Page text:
Few topics are as popular today—or as controversial—as Christian parenting. Perhaps this is natural, given the importance of raising children in today’s post-Christian world. Sadly, though, the cacophony of competing approaches has become divisive among God’s people, leaving parents without the wise counsel they desire and need. Most of the seminars, books, and video series available in the Christian marketplace that I have examined are less than helpful because they are based far more on a model of authoritarianism rooted in modernism than on biblical reflection. They sound good since they are littered with proof texts, and they sometimes result in compliant children, but they are by and large devoid of grace. Some believers react against this unhealthy overemphasis on authority, but permissiveness is equally problematic.
That being the case, I was enthusiastic when I learned that Dr. David John Seel—no stranger to the readers of Critique—was writing a book on the topic. When a copy arrived, I began reading it with both eagerness, and to be honest, just a touch of nervousness. That always occurs when I read something by a friend whom I respect highly, since there is, after all, some small chance I will disagree. The more I read, however, the more my enthusiasm grew, and soon I was doing something I never do: I began recommending it even before I finished reading it myself. Parenting without Perfection is a wise and biblically informed book. I even recommend it to non-parents, since it is such a fine example of thinking biblically about what Christian faithfulness looks like in our deeply fallen and profoundly pluralistic world.
Parenting without Perfection is divided into three parts. In the first, Dr. Seel provides an introduction to his topic by defining Christian parenting. “I have come to question some of the common assumptions held by many Christian parents and parenting books,” he writes. “One is that certain choices will isolate one’s children from the effects of today’s youth culture; another is that following a specific set of guidelines will produce ‘perfect’ children.” Seel argues there is no formula, and identifies eight provocative questions that inform his thinking in this book: How does God treat us as children? And how is our approach to parenting affected if:
-the goal is children who are apprentices to Jesus?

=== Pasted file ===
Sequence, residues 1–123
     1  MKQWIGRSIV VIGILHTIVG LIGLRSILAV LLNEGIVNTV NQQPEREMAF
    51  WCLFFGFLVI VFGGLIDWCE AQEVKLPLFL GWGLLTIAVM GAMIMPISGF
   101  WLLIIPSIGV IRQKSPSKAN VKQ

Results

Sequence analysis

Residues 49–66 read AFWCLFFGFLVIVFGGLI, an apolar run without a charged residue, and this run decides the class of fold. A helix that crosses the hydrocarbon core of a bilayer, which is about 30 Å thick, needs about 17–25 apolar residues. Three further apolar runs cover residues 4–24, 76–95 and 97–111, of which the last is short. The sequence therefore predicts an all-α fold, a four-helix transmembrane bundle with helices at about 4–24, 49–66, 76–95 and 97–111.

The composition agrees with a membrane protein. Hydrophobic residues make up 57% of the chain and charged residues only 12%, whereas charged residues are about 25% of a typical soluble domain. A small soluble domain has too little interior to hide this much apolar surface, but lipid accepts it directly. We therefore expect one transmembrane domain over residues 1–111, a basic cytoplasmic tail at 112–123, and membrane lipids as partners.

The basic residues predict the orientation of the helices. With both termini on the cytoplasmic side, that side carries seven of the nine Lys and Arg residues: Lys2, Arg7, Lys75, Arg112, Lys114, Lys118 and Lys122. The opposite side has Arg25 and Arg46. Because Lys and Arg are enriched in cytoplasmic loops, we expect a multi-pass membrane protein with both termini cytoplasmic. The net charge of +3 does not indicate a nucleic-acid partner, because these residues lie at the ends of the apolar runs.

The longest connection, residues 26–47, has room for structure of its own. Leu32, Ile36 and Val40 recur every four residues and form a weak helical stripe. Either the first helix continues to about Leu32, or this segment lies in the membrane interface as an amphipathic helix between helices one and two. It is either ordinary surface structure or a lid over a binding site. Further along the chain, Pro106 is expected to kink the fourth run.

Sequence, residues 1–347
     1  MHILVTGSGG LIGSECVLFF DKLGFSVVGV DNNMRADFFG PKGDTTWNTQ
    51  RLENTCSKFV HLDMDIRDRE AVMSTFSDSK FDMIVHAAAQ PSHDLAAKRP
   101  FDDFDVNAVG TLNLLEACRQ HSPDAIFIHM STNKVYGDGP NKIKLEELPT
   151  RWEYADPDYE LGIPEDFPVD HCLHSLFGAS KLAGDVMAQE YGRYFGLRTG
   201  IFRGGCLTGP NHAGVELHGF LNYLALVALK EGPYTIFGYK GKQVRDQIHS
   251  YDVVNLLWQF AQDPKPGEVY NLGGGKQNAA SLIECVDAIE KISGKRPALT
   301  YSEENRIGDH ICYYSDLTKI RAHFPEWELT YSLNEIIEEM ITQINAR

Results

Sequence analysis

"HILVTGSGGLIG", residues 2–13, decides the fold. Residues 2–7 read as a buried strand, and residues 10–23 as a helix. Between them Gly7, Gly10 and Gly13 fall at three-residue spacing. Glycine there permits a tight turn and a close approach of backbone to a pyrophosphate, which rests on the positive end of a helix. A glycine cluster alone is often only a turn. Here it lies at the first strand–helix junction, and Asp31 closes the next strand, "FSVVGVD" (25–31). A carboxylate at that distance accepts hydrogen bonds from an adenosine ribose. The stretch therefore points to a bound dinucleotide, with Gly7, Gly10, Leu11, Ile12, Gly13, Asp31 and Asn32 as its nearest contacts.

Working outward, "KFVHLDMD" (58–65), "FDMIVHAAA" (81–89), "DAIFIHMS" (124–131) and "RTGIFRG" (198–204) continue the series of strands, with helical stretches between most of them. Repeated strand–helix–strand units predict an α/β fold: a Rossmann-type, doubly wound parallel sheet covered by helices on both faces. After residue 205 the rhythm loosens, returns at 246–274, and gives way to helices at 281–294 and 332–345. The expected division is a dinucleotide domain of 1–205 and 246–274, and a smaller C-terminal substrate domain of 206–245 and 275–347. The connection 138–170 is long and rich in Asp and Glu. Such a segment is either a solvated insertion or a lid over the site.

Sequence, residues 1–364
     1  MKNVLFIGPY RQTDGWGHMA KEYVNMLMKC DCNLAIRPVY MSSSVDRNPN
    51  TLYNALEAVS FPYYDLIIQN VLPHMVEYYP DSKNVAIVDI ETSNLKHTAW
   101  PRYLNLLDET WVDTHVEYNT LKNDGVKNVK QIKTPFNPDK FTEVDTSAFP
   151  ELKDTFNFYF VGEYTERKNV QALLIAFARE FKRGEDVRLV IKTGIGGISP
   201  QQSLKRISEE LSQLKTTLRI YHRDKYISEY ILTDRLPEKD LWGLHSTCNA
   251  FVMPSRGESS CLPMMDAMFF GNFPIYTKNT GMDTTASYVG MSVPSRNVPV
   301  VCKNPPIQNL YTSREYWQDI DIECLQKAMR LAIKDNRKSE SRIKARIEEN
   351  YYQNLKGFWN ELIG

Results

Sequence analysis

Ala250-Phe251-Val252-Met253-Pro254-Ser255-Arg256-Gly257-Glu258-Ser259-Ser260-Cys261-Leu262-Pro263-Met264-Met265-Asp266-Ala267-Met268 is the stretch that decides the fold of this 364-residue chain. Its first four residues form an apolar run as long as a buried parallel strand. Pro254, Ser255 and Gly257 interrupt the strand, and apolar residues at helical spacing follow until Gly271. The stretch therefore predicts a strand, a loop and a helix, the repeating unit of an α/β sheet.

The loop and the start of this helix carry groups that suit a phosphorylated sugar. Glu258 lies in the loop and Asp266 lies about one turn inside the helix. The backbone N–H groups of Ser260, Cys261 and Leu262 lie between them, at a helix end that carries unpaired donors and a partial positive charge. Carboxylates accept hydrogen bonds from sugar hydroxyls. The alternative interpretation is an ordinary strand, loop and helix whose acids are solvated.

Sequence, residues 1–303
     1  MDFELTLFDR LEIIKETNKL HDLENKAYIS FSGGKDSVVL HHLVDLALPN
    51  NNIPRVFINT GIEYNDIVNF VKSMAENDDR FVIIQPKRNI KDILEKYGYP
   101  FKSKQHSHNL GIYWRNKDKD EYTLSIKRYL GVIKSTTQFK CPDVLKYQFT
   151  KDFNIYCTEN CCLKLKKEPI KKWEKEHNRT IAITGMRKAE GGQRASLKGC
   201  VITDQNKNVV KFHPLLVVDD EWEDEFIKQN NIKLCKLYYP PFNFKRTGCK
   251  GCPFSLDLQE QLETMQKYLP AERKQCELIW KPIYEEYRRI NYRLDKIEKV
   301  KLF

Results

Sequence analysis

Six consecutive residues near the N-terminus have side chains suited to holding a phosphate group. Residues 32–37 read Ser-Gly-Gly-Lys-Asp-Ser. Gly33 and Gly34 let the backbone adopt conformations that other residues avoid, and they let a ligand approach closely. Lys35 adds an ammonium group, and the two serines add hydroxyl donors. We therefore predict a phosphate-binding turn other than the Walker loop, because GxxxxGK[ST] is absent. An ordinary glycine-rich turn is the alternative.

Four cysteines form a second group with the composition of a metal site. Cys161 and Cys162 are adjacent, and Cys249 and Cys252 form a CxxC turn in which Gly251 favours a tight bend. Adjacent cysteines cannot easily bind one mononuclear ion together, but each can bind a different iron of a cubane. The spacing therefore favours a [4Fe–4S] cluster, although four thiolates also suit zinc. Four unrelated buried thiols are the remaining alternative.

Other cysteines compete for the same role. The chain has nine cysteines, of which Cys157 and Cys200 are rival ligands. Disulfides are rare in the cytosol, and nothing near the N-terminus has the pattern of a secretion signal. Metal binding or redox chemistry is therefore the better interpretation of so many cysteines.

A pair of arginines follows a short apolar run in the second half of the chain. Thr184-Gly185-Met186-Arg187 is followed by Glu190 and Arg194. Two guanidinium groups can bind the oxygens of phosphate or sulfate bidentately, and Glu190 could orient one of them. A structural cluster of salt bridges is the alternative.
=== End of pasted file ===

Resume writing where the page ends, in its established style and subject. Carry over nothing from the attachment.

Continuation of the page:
-discipleship is understood as more than an intellectual affirmation or outward behavior, but a life lived in, for, and by the resources of the kingdom of God?
-we come to understand our teenager as a young adult rather than an overgrown child?
-we respect the self-determining nature of our child and acknowledge the priority of motivation—the direction and loves of his or her heart?
-we acknowledge that youth culture is spiritually toxic but inescapable by our teenage children?
-we understand that the choices our teens make outside our context or control actually influence them the most?
-we recognize that parenting is a temporary stewardship with no guarantees?
In the second part of Parenting without Perfection Dr. Seel gives a careful explanation of how spiritually toxic youth culture is today. It isn’t particularly pleasant reading, but essential if we wish to understand clearly the context for our faithfulness as parents in this fallen world. Whether we are parents, grandparents, or simply love young people, this section of the book is must reading. And contrary to those who desire to safeguard their children by isolating them from the world, Seel is correct in insisting that this toxic youth culture is an inescapable part of our children’s lives. It might have been good for Dr. Seel to have included a bit more on why it is so inescapable, since so many parents appear to believe otherwise, but perhaps their commitment to tribalism is not open to examination. It is a “deathwork culture,” Seel argues, far worse than most Christian parents realize, and desperately in need of the gospel of Christ.
In the final section, Seel explores ten priorities for Christian parents, which actually apply to far more than just parenting:
To be apprentices of Jesus.
To live our lives with integrity for that which matters.
To be students of our teenager’s world.
To advocate our child’s constructive interests.
To establish limits for our teenager based on the objective truth of reality.
To encourage our teenager to become a passionate seeker of truth.
To focus on influencing the beliefs, not the behavior, of our teen.
To respect our child’s self-determination.
To recognize that our teenager’s friends and neighborhood will influence his or her heart’s direction.
To pray for our child as our first responsibility.
In a real sense, as this list indicates, this is a book on the nature of Christian faithfulness; it just happens to be addressed to parents.
I suspect many Christian parents will dislike Parenting without Perfection. It provides no techniques, lists no formulas, makes no guarantees, and more radical still, it argues that none are possible. It argues instead that we walk by faith, that “parenting adolescents teaches us the requirement of love, of letting go of our children in order to entrust them to God.”
We recommend Parenting without Perfection to you. Read it carefully on your own, and then form a discussion group to work through it together. Place a copy in your church library. And please: give a copy to every Christian parent you know.